Mirrors are painted with gallium to make a highly polished reflective surface. Gallium is used to wet porcelain surfaces to give extra shine.

Gallium easily combines with other metals to form alloys. Alloys like Gallium nitride and Gallium arsenide are used to make semiconductors and light emitting diodes.

Gallium is used in the manufacture of integrated circuits. Integrated circuits are also referred to as microchips. Microchips are used in defense applications, computers, and telecommunications.

Gallium-67 salts such as gallium citrate and gallium nitrate are used in nuclear medicine for imaging purposes to detect cancerous cells. The Gallium scan involves a medical test that uses the radioactive form of the Gallium isotope to detect cancerous cells.

Gallium-based solar panels provide power for space applications like satellites and space missions.

Gallium arsenide (GaAs) changes electricity directly into laser light. It is used in the manufacture of lasers, photodetectors, light-emitting diodes (LED), solar cells and highly sophisticated circuits, semiconductors and transistors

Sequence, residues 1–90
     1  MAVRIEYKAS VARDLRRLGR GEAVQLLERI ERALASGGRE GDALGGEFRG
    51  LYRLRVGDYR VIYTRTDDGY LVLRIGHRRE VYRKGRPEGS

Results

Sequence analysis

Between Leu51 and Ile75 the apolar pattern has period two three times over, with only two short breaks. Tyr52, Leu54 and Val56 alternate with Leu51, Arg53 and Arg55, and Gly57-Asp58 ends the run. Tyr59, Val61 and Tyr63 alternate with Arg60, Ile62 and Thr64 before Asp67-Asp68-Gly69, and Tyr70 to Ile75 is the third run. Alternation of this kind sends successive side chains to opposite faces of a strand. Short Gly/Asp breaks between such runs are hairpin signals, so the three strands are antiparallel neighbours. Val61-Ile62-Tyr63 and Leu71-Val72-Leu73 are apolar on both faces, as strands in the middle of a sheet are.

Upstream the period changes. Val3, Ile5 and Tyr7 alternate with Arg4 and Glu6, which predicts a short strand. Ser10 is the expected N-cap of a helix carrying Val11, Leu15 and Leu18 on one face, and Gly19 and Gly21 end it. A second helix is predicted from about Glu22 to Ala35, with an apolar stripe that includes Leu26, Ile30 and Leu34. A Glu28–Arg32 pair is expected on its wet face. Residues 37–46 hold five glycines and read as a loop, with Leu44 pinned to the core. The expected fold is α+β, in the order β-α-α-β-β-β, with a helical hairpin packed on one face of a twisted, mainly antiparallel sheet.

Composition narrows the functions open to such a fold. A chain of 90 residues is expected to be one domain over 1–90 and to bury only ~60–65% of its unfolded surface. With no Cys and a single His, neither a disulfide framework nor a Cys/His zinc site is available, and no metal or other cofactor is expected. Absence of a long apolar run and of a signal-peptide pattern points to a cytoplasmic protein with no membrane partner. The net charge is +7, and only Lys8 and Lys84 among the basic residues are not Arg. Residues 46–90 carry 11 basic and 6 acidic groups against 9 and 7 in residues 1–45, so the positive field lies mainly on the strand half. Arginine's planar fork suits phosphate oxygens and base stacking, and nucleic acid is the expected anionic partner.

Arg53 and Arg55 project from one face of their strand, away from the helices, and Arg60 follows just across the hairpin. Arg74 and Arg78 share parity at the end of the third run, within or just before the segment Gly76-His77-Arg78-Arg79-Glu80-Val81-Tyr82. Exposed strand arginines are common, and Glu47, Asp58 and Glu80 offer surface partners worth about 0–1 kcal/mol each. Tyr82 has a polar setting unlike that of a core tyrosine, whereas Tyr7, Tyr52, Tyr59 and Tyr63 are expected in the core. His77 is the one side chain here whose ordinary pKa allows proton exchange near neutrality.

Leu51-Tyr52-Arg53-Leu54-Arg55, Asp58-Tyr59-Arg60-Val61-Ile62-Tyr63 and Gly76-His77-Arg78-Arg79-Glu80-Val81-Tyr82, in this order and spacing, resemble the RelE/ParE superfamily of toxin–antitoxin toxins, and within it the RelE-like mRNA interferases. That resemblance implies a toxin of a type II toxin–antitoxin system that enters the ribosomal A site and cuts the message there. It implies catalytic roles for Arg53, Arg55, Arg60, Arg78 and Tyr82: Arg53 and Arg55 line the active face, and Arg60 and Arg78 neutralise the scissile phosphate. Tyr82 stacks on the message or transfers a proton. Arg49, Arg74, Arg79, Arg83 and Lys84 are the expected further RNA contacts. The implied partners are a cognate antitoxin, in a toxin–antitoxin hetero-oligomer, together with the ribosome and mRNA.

Gallium arsenide is used to make transistors. A transistor is a device used to control the flow of electricity in a circuit.

The Neutrino Observatory in Italy uses a large amount of Gallium to study solar neutrinos produced by the sun (neutrinos are subatomic particles that can pass through ordinary matter).

A form of Gallium called Gallium (III) salt is used to treat hypercalcemia that can cause tumor in the bones.





© 2014 Nithya Venkat


Nithya Venkat (author) from Dubai on February 13, 2015:

Blackspaniel1 thank you.

Blackspaniel1 on February 10, 2015:

Interesting article. The microchip is perhaps the most significant of all the uses you states.

Nithya Venkat (author) from Dubai on May 26, 2014:

RTalloni thank you and am glad this hub will be of use to you.

RTalloni on May 26, 2014:

Interesting to learn about this metal. It's the kind of information I like to have in my back pocket to use in conversations and object lessons. :)

Nithya Venkat (author) from Dubai on May 26, 2014:

Lady_E am glad you came to know about Gallium, thank you for your visit.

Elena from London, UK on May 26, 2014:

It's the first time I have read about it. Thanks.... I am more the wiser. :-)

Nithya Venkat (author) from Dubai on May 17, 2014:

teaches12345 thank you for your visit, glad you enjoyed the lesson!!

Dianna Mendez on May 17, 2014:

I probably had an introduction to this in my high school chemistry class but it was most likely pale compared to your interesting lesson.

Nithya Venkat (author) from Dubai on May 12, 2014:

DDE thank you for your visit and vote up.

Devika Primić from Dubrovnik, Croatia on May 12, 2014: